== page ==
IBM captured the number one and six of the top 10 positions in a ranking released Thursday of the world's most powerful supercomputers.

ASCI White, IBM's classified supercomputer used for nuclear weapons research at the Lawrence Livermore National Laboratory in California, was ruled the world's most powerful, followed by the company's machine at the NERSC (National Energy Research Scientific Computing Center[sic]), also in California.

IBM officially announced delivery Thursday of the NERSC machine, capable of a theoretical peak of 3.8 trillion calculations per second (3.8 teraflops), said Dave Gelardi, director of high-performance computing at IBM.

The Top 500 list, published every six months by researchers from University of Tennessee and the University of Mannheim, was made public at the Supercomputing 2001 Conference this week in Heidelberg, Germany. Researchers measure supercomputers' speed and power using a benchmarking standard called the Linpack test.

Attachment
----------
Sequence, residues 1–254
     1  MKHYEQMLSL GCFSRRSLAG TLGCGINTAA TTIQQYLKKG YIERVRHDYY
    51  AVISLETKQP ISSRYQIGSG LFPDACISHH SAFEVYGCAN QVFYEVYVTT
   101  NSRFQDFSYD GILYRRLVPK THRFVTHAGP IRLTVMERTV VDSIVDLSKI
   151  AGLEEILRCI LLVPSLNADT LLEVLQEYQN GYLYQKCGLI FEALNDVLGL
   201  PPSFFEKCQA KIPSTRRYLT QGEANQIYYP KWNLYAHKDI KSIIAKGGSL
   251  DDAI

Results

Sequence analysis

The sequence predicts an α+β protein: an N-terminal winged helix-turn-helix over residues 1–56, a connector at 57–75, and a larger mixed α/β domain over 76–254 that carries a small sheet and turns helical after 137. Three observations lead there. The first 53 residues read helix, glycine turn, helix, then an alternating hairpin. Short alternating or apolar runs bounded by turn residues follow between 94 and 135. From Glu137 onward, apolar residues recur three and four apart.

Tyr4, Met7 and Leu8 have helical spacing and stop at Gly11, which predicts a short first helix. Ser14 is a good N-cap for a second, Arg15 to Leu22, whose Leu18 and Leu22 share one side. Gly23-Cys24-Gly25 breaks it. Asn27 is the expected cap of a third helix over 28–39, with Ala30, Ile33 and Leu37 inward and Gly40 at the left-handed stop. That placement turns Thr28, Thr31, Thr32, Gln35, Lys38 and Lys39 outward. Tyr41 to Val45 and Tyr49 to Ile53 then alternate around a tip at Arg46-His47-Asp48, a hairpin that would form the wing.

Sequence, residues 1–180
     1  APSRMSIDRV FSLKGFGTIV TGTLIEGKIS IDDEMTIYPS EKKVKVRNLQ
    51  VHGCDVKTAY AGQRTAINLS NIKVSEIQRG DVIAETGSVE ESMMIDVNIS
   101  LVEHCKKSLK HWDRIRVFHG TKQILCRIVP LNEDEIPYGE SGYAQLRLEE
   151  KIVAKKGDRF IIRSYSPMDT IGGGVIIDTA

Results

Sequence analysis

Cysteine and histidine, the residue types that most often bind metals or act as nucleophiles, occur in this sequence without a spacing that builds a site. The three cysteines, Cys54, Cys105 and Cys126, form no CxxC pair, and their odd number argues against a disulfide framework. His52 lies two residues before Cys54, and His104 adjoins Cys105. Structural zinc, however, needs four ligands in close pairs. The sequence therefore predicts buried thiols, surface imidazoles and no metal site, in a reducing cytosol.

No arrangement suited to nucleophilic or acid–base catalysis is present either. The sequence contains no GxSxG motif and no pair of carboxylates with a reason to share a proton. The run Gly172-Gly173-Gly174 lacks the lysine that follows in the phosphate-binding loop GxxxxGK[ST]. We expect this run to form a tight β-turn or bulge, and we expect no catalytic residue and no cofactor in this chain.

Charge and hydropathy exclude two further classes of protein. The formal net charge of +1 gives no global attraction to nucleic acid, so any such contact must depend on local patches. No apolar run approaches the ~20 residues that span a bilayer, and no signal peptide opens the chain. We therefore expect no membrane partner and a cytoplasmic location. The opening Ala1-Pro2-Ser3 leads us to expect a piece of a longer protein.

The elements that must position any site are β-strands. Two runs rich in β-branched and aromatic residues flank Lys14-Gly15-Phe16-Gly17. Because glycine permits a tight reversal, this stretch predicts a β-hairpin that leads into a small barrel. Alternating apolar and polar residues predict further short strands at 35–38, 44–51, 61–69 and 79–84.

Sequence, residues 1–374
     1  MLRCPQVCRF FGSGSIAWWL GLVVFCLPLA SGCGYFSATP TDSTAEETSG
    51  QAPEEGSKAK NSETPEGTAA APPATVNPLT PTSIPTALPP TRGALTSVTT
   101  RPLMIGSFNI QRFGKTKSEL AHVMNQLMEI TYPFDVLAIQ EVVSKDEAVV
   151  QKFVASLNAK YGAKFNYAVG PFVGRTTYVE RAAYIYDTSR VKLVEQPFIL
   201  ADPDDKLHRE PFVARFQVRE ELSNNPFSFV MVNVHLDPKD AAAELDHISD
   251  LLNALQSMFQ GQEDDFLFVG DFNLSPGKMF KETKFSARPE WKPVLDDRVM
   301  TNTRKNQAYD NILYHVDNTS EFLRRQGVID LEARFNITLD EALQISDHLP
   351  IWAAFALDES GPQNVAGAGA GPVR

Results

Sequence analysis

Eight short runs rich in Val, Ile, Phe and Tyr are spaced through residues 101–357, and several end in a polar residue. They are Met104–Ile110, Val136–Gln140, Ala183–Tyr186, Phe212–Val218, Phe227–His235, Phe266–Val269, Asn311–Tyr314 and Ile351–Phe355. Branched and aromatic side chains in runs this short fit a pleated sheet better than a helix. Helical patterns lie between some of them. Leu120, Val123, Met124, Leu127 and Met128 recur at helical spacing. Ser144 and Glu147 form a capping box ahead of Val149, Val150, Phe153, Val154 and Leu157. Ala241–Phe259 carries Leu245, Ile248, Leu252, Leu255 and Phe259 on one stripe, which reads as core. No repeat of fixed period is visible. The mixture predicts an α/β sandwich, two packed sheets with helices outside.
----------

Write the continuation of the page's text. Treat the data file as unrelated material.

IBM also dominated the previous list, released in November 2000, with ASCI White taking first place and Big Blue machines in five of the top 10 positions.

Third place went to Intel's ASCI Red, at Sandia National Laboratories in New Mexico. IBM took fourth for its ASCI Blue-Pacific machine, also at Lawrence Livermore, and fifth-place honours went to Hitachi for its SR8000/MPP, at the University of Tokyo.

IBM and NERSC worked for two years on the computing system that joins 158 servers and over 2,400 processors.

Scientists from around the world can use the NERSC systems by submitting research proposals to a peer group that judges the merits of the research and how ready the scientists are to use the computer. Researchers will use the NERSC systems to study areas such as the human genome, global climate patterns and the energy efficiency of buildings and cities, said Bill Kramer, head of high performance computing at NERSC in Berkeley, California.

Around 65 technicians manage the NERSC systems and prepare them for research use.